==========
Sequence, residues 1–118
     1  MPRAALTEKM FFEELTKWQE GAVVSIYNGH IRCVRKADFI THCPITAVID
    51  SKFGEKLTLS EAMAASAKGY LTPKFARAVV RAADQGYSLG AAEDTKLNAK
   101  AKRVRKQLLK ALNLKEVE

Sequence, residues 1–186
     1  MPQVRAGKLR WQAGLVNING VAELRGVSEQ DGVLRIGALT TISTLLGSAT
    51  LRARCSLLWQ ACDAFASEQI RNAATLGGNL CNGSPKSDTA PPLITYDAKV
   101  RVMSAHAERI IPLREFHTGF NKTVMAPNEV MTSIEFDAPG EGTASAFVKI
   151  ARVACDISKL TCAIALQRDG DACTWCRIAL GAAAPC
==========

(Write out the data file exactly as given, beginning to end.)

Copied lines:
Sequence, residues 1–118
     1  MPRAALTEKM FFEELTKWQE GAVVSIYNGH IRCVRKADFI THCPITAVID
    51  SKFGEKLTLS EAMAASAKGY LTPKFARAVV RAADQGYSLG AAEDTKLNAK
   101  AKRVRKQLLK ALNLKEVE

Sequence, residues 1–186
     1  MPQVRAGKLR WQAGLVNING VAELRGVSEQ DGVLRIGALT TISTLLGSAT
    51  LRARCSLLWQ ACDAFASEQI RNAATLGGNL CNGSPKSDTA PPLITYDAKV
   101  RVMSAHAERI IPLREFHTGF NKTVMAPNEV MTSIEFDAPG EGTASAFVKI
   151  ARVACDISKL TCAIALQRDG DACTWCRIAL GAAAPC